Interview with paper maker and book artist, Geraldine Pomeroy.
How would you describe your paper craft?
It is organic. Papermaking for me is about creating from what is generally waste materials -like scrap paper, weeds & plant cuttings something that enhances their beauty as well as creating something useful. I work with paper to produce paper for papers sake, each sheet can be an artwork in itself. I also produce One-of-A-Kind books and Artists Books where the book itself is an art piece. Sculptural Papier Mache is another area I sometimes work in and more recently I have been exploring paper as a base from which to build up artworks using locally handgathered resins, pigments and gums.
How and when did you become interested in paper making and binding?
I have always dabbled in bookbinding/decorating primarily for my photographs and when I received a blender as a gift about 8 years ago, I decided to attempt producing books from the paper to completion. I started with paper and moved on to fabric and then plant fibres becoming more fascinated as I went.
What attracted you to starting this as a craft?
I think it is the organic naturalness that shines through - being a bit of a "Greenie" I really like the idea of recycling, reclaiming, reusing and recreating.
What are you working on right now?
I have been collating sample sheets, recipes & techniques of every batch I have made since I began and I am toying with some ideas about producing a series of volumes (Possibly 9 copies of each volume) all handbound, printed and containing a sample from each of the over 200 I have have done to date. It a huge endeavour and as I said I am just throwing around ideas at the moment. Apart from this I am producing several One-of-A-Kind books with Exposed stitching techniques known as Ethiopian Binding.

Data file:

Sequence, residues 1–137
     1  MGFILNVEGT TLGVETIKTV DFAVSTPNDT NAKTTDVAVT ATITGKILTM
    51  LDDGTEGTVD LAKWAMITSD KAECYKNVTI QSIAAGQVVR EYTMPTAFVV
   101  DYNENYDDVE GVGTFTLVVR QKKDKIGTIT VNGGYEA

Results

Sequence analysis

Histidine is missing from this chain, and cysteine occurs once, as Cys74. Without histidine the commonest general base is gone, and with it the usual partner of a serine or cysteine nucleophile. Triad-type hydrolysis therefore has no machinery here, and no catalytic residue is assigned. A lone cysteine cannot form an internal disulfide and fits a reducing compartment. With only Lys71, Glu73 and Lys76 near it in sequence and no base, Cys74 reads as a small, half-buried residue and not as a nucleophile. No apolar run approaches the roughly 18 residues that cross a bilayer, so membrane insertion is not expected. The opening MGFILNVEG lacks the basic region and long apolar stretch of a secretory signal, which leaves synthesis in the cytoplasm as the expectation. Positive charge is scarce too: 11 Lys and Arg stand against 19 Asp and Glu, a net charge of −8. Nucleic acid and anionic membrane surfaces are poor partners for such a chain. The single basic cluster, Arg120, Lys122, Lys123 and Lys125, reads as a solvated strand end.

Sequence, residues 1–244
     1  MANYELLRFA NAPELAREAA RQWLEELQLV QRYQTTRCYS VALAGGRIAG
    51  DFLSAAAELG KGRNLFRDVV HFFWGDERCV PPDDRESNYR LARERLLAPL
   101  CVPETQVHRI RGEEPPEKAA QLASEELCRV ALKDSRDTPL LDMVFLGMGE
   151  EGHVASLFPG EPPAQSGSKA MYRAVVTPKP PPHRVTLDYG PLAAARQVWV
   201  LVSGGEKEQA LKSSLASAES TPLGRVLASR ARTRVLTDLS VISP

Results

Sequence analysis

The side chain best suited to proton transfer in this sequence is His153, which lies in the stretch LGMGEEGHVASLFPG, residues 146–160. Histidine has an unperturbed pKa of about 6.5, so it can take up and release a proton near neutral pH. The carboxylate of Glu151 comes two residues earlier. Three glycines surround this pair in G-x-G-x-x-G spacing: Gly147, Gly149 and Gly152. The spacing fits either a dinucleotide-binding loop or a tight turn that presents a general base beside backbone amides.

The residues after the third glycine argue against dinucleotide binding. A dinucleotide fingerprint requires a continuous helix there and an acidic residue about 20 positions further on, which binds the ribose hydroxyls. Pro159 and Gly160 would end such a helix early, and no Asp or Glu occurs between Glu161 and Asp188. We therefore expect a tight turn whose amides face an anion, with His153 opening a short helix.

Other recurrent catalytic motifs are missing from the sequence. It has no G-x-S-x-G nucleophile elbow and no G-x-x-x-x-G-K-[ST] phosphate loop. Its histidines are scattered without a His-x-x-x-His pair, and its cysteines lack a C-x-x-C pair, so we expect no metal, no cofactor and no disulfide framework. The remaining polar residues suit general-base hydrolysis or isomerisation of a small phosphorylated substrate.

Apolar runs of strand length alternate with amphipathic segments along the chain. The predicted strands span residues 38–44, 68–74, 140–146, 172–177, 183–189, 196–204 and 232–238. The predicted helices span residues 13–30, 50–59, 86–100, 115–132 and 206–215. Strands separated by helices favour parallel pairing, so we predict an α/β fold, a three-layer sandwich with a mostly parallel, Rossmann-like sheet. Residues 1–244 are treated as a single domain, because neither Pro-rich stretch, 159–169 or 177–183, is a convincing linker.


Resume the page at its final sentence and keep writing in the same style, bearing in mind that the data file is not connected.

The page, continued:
Where do you look for inspiration when you are about to start something new?
Nature and her palette are my muses. From my studio window I see textured bark, delicate petal formations and twisting vines. When we travel it is the silver sculpture of a dead tree, the topography of the hills, the cleavage of valleys, the contrast of blue sky to red earth, the motion of the waves. There is endless inspiration out there.
What was the most difficult piece you have created and why?
Each time I venture into a new binding technique or explore something new it becomes my most 'difficult' piece to date. So right now it would be multiple needle binding techniques. You need more than one pair of hands!
What would be your favourite part of the process of paper making?
The Unkown. Whilst modern industry has turned papermaking into an exact science I work strictly in the arena of artistic experimentation. I am always trying something new, adding strange fibre mixes to see if I can produce a sheet with different qualities. That, for me, is what papermaking is all about. Experimenting.
If you had to choose a favourite piece you have made what would it be?
Whilst doing a workshop at Text-Isle Forum with Artists Books back in 2000 I was shown a technique that everyone but me seemed to know. I just loved it and the image Terra is that sample piece I produced that day. Unfortunately I have many books that have been made and sold before I photographed them - One that I do have an image of is called 'Tome' made from Cocos Palms. I like the organic feel and look of it. It sold last year and I kind of wish I hadn't.
You create a variety of different types of items from paper, including the paper itself. Which pieces do you enjoy creating the most and why?
At the heart of each work is the humble sheet of paper and that is still where my enthusiasm lays. I find it very relaxing. However I do enjoy producing books, Artists Books and artworks but they do require concentration and I don't always have the energy for it. When I need to recharge my creative energy I work on small books and cards to try out new ideas and experiment. Soon the ideas flow and I start off again on another creative journey.